You can see Canada from the top of Detroit’s Comerica Park, but the warm, low-labor-cost lands south of the Rio Grande lie far below the horizon. It’s not surprising that, as workers at a General Motors plant sitting just 3.5 miles from Comerica prepare for possible closure and job loss, GM’s decision to prominently feature a new Mexican-built vehicle at the stadium ruffled feathers on both sides of the U.S.-Canada border.
On Saturday, the controversial newcomer was quietly whisked away.
Indeed, so jazzed are these enthusiasts, they’ve created a rendering of a hypothetical Blazer SS to compete with the very real Ford Edge ST. If you’re already thinking this vehicle boasts canary yellow paint with wide, black striping, fear not — your assumptions were bang-on.
It’s an interesting idea, given that Ford’s Edge blows the existing Blazer out of the water in ST guise, but the merits of waging a hot tweener crossover war are debatable. And the vehicle itself might not be doable.
“It came without ribbons. It came without tags. It came without packages, boxes or bags.”
— Dr. Suess, The Grinch Who Stole Christmas
2019 Chevrolet Blazers are available for purchase at dealership near you. No, really, they are. Like, right this second. You could buy one. Some people already have. This is interesting because it’s pretty much impossible to find a review of one anywhere on the internet. A search for “Chevrolet Blazer Reviews” brings you to some news of the initial auto show reveal, and that’s about it.
To you, the TTAC reader and automotive enthusiast, this news probably doesn’t rock you to your core. But there’s a group of people that are wringing their hands nervously about this product launch.
Sporting two rows of seating, front-wheel drive as a starting point, and a historical name sure to anger Bowtie brand diehards, the 2019 Chevrolet Blazer revealed itself in June and almost immediately fell from view (and conversation). Compare the nameplate’s return to that of the yet-unseen Ford Bronco, which generated gigatons of buzz in the months and years preceding its upcoming reveal.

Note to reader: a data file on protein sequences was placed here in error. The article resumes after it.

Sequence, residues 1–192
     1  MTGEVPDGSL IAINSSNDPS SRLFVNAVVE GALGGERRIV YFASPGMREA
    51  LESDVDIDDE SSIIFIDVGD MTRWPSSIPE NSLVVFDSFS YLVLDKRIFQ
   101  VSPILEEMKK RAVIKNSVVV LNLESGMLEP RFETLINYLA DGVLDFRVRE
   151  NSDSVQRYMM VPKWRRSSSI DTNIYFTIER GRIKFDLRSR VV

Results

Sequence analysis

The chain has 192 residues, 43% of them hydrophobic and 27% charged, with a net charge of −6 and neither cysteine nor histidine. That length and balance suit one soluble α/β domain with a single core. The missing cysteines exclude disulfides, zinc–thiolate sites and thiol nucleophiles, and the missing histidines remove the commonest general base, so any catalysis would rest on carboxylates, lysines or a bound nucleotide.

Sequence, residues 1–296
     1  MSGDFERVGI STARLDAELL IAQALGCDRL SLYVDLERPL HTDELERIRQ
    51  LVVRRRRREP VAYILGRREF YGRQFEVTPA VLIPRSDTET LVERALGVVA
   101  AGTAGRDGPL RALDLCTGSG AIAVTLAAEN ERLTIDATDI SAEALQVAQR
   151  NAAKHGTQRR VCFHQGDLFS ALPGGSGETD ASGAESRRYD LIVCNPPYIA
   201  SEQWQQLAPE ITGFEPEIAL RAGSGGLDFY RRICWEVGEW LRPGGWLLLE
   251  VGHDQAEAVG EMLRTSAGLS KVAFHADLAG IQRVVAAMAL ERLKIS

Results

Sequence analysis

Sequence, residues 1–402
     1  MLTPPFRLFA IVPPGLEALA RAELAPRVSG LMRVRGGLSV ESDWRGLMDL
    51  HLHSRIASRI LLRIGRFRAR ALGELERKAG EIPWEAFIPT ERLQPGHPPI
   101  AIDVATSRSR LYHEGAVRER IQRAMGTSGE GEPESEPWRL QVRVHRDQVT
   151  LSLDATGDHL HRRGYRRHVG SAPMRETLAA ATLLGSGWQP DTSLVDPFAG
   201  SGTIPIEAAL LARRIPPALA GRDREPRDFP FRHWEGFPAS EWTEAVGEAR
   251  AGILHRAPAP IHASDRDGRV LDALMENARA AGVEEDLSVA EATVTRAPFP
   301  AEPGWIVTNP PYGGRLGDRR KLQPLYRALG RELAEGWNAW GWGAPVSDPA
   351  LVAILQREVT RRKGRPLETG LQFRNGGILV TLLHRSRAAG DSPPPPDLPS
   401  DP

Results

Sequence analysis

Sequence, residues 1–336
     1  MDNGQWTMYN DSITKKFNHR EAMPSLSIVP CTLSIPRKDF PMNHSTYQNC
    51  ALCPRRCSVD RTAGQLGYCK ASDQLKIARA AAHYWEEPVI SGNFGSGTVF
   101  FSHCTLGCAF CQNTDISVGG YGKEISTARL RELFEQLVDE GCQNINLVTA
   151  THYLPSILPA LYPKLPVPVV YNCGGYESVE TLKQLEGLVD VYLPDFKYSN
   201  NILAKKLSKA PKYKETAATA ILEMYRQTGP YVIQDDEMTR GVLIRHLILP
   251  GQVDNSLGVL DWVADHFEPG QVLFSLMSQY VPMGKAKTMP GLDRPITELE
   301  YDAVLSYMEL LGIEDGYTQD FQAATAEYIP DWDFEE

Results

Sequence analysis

The Blazer name’s resurrection, unlike that of the Bronco, wasn’t designed to signal the return of the same vehicle. Chevy had a hole in its utility lineup — created by the newly downsized Equinox and generously sized Traverse — in need of filling. While the sizing seems correct, many took exception to the vehicle being just another a unibody brossover. The appeal of name recognition tipped the decision makers at GM into dusting off a nameplate easily recognized by anyone who lived and breathed in North America during the past 40 years. Purists be damned.
As for pricing, to best battle its midsize(ish) competitors, GM decided on a very predictable base MSRP for its reborn Blazer.
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- Lorenzo A union in itself doesn't mean failure, collective bargaining would mean failure.
- Ajla Why did pedestrian fatalities hit their nadir in 2009 and overall road fatalities hit their lowest since 1949 in 2011? Sedans were more popular back then but a lot of 300hp trucks and SUVs were on the road starting around 2000. And the sedans weren't getting smaller and slower either. The correlation between the the size and power of the fleet with more road deaths seems to be a more recent occurrence.
- Jeff_M It's either a three on the tree OR it's an automatic. It ain't both.
- Lorenzo I'm all in favor of using software and automation to BUILD cars, but keep that junk off my instrument panel, especially the software enabled interactive junk. Just give me the knobs and switches so I can control the vehicle, with no interconnectivity of any kind.
- MaintenanceCosts Modern cars detach people from their speed too much. The combination of tall ride height, super-effective sound insulation, massive power, and electronic aids makes people quite unaware of just how much kinetic energy is nominally under their control while they watch a movie on their phone with one hand and eat a Quarter Pounder with the other. I think that is the primary reason we are seeing an uptick in speed-related fatalities, especially among people NOT in cars.With that said, I don't think Americans have proven responsible enough to have unlimited speed in cars. Although I'd hate it, I still would support limiters that kick in at 10 over in the city and 20 over on the freeway, because I think they would save more than enough lives to be worth the pain.